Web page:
ACSM recommends a 6 second contract followed by a 10-30 second assisted stretch DOES STRETCHING DECREASE PERFORMANCE? Greater flexibility may impair performance in sports that that do not require a high degree of flexibility such as running. Runners with less flexibility are actually more efficient at running (Jones 2002). Intense static stretching may also reduce maximum force production. The loss of voluntary strength and muscular power may last up to one hour after the static stretch (Evetovich 2003, Young 2003). People who participate in activities that require more than average flexibility (eg: gymnasts, dancers, figure skaters) may still find stretching beneficial to their performance.
The ACSM recommends flexibility training a minimum 2 to 3 days per week holding each stretch for 10 to 30 seconds to mild discomfort; 3 to 4 repetitions per stretch.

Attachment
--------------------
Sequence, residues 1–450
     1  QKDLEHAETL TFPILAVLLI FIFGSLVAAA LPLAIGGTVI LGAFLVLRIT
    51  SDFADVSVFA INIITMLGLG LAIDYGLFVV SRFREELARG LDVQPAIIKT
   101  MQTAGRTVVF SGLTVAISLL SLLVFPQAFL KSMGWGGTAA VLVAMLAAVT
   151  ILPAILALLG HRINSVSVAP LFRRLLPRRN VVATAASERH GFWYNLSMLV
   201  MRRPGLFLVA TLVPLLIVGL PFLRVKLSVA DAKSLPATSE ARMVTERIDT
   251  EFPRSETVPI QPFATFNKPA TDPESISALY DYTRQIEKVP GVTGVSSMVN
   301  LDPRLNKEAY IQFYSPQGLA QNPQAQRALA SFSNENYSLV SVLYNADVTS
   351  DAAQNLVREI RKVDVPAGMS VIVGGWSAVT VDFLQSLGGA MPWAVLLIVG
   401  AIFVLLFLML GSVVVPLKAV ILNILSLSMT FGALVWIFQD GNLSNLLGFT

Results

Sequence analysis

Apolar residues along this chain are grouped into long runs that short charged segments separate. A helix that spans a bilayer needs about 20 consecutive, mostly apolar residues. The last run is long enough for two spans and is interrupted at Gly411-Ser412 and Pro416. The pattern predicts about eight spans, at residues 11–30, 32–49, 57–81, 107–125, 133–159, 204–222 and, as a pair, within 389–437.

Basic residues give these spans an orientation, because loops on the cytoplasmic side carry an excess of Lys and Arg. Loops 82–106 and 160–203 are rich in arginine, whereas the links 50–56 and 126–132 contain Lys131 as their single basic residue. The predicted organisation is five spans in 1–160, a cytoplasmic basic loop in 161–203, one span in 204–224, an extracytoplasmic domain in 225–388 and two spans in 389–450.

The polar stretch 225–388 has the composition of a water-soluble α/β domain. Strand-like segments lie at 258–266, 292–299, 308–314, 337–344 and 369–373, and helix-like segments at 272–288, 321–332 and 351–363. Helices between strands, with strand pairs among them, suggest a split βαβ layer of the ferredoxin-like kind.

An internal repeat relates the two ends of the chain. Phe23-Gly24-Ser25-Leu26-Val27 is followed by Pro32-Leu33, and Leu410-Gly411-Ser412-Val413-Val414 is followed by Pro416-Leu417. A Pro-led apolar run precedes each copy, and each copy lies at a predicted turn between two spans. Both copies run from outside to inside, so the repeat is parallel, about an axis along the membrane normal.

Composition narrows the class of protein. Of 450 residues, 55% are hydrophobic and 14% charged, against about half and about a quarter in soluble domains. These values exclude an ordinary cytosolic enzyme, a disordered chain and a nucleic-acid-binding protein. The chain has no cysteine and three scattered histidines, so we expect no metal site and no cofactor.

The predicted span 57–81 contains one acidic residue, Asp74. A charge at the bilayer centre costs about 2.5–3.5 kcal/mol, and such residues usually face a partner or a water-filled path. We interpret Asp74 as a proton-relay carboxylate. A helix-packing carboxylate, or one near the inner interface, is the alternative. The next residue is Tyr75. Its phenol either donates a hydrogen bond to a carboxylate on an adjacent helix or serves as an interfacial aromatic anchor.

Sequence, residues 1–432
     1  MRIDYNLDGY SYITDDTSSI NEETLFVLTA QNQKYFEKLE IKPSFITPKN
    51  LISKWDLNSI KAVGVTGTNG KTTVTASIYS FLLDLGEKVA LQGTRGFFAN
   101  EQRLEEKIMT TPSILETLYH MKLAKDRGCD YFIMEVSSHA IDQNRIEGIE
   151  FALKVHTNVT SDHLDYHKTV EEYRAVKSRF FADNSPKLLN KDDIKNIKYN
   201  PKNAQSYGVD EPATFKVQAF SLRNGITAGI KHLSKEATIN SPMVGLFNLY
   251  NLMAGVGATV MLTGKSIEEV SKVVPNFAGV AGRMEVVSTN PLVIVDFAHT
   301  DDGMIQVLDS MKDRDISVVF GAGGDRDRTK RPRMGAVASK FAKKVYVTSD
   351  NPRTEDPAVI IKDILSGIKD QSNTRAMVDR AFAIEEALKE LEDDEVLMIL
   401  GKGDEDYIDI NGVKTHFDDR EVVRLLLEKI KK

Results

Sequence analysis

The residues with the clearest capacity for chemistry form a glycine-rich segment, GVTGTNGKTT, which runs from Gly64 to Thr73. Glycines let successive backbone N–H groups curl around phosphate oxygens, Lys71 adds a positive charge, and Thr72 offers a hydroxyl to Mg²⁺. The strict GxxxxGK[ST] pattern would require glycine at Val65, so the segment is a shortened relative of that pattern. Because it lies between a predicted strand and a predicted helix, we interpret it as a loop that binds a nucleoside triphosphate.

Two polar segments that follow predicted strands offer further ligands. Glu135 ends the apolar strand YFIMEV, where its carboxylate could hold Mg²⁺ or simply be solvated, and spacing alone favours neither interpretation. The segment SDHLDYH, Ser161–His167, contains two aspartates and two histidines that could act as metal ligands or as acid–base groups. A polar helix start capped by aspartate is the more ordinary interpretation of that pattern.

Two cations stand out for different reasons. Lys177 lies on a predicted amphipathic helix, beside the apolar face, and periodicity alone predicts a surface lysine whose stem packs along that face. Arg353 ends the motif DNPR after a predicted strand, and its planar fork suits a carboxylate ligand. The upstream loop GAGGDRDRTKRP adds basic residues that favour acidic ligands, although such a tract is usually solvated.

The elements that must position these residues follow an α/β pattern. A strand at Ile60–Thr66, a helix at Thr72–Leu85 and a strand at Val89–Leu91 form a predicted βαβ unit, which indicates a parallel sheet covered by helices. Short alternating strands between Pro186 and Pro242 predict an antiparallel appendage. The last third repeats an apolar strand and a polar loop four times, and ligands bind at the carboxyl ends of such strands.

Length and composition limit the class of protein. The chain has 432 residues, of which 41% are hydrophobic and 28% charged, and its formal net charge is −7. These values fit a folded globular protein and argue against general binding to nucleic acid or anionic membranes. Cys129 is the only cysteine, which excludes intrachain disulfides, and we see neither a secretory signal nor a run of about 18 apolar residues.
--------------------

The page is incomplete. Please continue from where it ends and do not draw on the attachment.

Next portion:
Although stretching does not seem to offer many short term benefits when performed before exercise, stretching does seem to offer other long term benefits.
Improved flexibility may help:
prevent back and other orthopedic problems
Individuals with certain muscular imbalances or postural problems can benefits from stretching
maintain flexibility which may otherwise decline with age or inactivity due to an injury.
may be more safely performed after dynamic exercise, when muscles are warm. Unless this is your goal...or a goal of your patient's

Stretching should be done in conjunction with a warmup and performed on target muscles or in activity specific ways. Research Clinical applications:

Static stretching should be done at times other than pre-participation.2
Ballistic, PNF or Dynamic are best suited for pre-activity due to the thermodynamic component.
Static stretching should be performed if the aim is to increase flexibility.2
Events that require high muscular power and/or strength have shown improvements when dynamic stretching. 16
Clinicians should be aware of the possibility for stretching-induced strength deficits when conducting strength tests on patients.1